Your brain isn’t designed for it.
Here’s practical advice from a neuroscientist: Don’t try to multitask. It ruins productivity, causes mistakes, and impedes creative thought. Many of you are probably thinking, “but I’m good at it!” Sadly, that’s an illusion. As humans, we have a very limited capacity for simultaneous thought — we can only hold a little bit of information in the mind at any single moment.
Our brains, however, delude us into thinking we can do more. To understand how this happens, it helps to think about how we physically see the world. Barring visual impairments, we perceive our surroundings via a video camera-like, wide-angle lens. Or at least that’s how it seems. In reality, our eyes are constantly darting around, 3-4 times per second, taking in our surroundings in snippets. The end looks like one image, but that’s just because our brains paper these individual pieces together to create a complete picture.
The same is true for multitasking. When we toggle between tasks, the process often feels seamless — but in reality, it requires a series of small shifts. Say you stop writing a pitch for a client in order to check an incoming email — when you finally return to the pitch, your brain has to expend valuable mental energy refocusing on the task, backtracking, and fixing errors. Not only does this waste time, it decreases your ability to be creative. Innovative thinking, after all, comes from extended concentration, i.e. the ability to follow an idea of thought down a network of new paths. When you try to multitask, you typically don’t get far enough down any road to stumble upon something original because you’re constantly switching and backtracking.
If you’re thinking “this probably just applies to other people” — wrong. In fact, studies show that people who think they are good at multitasking generally have a lower capacity for simultaneous thought. It’s a rationalization fest. Frequent offenders are bad at ignoring distractions, but instead of trying to improve their ability to focus, they convince themselves that multitasking increases productivity.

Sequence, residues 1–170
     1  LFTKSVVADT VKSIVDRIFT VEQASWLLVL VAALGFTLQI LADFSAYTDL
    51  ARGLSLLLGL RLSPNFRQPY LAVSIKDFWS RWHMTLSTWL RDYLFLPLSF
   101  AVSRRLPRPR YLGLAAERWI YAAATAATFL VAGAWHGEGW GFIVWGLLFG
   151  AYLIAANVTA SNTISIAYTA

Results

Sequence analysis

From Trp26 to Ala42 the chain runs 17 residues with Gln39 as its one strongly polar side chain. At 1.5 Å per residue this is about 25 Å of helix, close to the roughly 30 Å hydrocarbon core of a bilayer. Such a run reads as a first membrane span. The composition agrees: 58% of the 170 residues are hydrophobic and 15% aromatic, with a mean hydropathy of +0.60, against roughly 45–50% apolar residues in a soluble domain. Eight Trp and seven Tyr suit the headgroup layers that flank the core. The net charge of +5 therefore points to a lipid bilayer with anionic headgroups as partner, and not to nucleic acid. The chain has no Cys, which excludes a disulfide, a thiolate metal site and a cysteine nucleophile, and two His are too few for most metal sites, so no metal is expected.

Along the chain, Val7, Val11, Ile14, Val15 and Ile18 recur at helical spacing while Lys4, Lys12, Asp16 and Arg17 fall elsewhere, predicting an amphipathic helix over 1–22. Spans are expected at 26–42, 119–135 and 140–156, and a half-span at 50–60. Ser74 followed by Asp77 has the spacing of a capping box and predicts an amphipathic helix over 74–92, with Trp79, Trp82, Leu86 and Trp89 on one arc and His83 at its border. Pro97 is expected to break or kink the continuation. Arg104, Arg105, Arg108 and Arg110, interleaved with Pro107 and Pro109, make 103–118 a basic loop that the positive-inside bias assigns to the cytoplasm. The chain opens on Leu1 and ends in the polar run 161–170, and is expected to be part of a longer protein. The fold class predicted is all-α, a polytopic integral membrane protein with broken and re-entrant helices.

Maybe you’re wondering, “if multitasking is bad, why do we have the urge to do it?” The answer likely has to do with how our brains evolved. Back in prehistoric days, any new piece of information might be critical — a rustling in the bushes, for example, could mean a tiger was about to leap. Thus, it was adaptive for our brains to seek out and pay attention to new information. Unfortunately, what was once an evolutionary advantage has become a distraction. In today’s modern society where our lives are rarely on the line, the ceaseless onslaught of information has the potential to cripple us. Our brains aren’t equipped to handle the sensory overload.
Here’s what to do about it.
Start by blocking out a period of time to focus. Eliminate as many distractions as possible: Put away your phone, turn off extra computer screens, shut down your email if you have to. Don’t try to mono-task by willpower alone; it’s too hard to fight the thirst for new information. Instead, prevent the urge by removing temptation. If you find yourself unable to concentrate, try taking a short break and move around. Increasing blood flow to your brain can help restore focus.
One final word of advice: Please, please put away your phone when you drive. Mute it, put it out of reach. (Hands-free headsets don’t help; it’s the cognitive demands of conversation that causes the distraction.) Being able to pay attention to your driving while on the phone is another delusion — the work of David Stayer and colleagues shows that it causes drivers to miss as much as half of the things in front of them. Multitasking while driving is just plain dangerous.
About the Author
Earl Miller is a professor of neuroscience at The Picower Institute for Learning and Memory at MIT. For more information, visit @MillerLabMIT.